Prestigious Brits and Dynamic Americans: Dutch EFL students' language attitudes towards four varieties of British and American English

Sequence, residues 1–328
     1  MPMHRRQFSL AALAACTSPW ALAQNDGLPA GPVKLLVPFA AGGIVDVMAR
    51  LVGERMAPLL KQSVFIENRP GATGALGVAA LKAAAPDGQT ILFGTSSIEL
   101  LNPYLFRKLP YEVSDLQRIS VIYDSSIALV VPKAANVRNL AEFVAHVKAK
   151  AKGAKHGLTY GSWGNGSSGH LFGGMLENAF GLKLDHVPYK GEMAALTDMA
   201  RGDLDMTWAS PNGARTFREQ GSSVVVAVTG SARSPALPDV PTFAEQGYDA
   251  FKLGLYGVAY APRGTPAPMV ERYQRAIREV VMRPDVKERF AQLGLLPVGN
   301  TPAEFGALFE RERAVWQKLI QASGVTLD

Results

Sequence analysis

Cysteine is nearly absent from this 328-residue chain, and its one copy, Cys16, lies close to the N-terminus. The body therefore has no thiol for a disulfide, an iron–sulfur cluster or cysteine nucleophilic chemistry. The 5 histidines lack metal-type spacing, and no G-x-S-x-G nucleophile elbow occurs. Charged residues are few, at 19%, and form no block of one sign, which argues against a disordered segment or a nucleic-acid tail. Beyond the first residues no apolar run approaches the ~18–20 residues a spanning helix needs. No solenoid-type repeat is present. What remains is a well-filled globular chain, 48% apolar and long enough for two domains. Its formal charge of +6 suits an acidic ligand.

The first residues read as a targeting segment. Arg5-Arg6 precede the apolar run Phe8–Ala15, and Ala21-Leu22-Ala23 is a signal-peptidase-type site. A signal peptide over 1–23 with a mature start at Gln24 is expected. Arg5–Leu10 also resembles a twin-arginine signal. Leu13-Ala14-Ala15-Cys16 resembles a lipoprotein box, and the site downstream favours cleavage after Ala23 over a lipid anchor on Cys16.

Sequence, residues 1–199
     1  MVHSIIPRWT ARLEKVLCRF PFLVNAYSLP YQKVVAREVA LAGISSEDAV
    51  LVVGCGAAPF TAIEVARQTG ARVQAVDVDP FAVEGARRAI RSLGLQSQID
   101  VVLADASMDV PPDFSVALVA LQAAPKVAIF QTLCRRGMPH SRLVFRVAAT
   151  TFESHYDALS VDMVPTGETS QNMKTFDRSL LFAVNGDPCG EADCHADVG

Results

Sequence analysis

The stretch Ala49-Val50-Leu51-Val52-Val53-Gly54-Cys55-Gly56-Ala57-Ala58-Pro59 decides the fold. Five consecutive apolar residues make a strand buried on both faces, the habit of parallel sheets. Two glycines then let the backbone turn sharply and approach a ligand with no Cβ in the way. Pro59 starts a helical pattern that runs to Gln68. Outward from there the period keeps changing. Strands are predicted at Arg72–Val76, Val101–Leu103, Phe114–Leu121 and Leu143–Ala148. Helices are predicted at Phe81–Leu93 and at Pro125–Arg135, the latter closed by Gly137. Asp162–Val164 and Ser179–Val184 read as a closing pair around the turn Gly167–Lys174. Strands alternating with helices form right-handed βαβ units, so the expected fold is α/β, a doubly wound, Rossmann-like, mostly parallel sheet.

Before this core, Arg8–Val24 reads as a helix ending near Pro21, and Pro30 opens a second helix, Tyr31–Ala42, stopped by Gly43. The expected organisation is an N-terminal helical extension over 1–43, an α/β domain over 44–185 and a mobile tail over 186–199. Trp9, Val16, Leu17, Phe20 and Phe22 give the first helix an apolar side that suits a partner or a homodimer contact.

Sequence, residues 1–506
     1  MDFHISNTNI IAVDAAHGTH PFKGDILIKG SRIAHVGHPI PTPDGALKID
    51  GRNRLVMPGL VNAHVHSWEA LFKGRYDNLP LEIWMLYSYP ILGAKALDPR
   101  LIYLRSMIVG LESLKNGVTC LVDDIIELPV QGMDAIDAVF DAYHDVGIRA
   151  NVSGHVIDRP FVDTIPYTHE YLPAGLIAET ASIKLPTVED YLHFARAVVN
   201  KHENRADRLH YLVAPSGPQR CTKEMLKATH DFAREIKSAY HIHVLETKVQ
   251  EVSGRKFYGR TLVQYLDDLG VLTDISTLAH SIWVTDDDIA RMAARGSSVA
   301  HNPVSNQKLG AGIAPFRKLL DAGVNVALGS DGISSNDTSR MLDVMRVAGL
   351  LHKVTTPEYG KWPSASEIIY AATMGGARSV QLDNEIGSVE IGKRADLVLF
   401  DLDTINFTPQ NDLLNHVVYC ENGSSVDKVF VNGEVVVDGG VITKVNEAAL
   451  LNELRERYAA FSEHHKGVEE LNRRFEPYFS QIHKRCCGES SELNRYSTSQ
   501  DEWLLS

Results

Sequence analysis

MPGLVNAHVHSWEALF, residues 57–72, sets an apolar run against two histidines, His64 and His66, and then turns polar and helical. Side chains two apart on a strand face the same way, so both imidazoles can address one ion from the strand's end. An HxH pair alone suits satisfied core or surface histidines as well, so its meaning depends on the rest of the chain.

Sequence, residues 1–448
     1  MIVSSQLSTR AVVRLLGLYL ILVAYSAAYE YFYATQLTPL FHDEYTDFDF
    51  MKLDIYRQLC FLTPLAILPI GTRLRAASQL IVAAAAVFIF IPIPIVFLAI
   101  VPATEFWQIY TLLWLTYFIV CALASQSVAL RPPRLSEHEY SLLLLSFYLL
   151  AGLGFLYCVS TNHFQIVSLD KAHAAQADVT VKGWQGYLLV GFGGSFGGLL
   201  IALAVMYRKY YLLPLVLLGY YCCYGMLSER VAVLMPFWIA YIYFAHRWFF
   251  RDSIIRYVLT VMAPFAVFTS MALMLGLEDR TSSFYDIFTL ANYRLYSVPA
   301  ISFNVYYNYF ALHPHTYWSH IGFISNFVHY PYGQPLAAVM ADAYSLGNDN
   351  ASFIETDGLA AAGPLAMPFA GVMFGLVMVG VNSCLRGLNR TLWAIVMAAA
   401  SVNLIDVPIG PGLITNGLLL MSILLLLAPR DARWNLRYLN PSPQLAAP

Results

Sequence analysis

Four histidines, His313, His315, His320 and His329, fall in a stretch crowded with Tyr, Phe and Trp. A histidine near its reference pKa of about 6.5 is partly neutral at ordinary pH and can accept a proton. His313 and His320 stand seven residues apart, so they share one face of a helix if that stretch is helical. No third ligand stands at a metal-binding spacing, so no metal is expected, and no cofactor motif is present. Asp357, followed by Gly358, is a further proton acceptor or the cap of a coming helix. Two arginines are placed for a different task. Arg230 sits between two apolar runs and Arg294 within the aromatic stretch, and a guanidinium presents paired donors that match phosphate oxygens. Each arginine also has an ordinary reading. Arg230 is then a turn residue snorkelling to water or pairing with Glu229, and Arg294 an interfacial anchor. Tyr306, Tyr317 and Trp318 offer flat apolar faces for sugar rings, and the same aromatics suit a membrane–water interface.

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In an attempt to revive the experimental investigation of language attitudes, this thesis employs methodologically innovative elicitation techniques to extract language attitudes with respect to four varieties of English: Received Pronunciation, General American, non-standard British English and non-standard American English. 46 well-educated students who speak English as a foreign language took part in a speaker-evaluation experiment and were asked to determine to which extent they associated 8 speech samples (2 for each of the investigated varieties) with pictographic representations of either Superiority (conservative prestige), Dynamism (modern prestige) or Personal Integrity (all well-known dimensions along which language attitudes vary). As expected, all varieties of American English were deemed more Dynamic, whereas varieties of British English were regarded as more superior. Crucially, non-standard British English was upgraded in terms of Integrity whilst non-standard American English was slightly downgraded when compared to their standard counterparts. This study has obvious implications for educational policies pertaining to the preferred variety of English to be used in L2-contexts: while British English is currently the only advocated variety in the Netherlands, a larger focus on linguistic diversity is a key issue.
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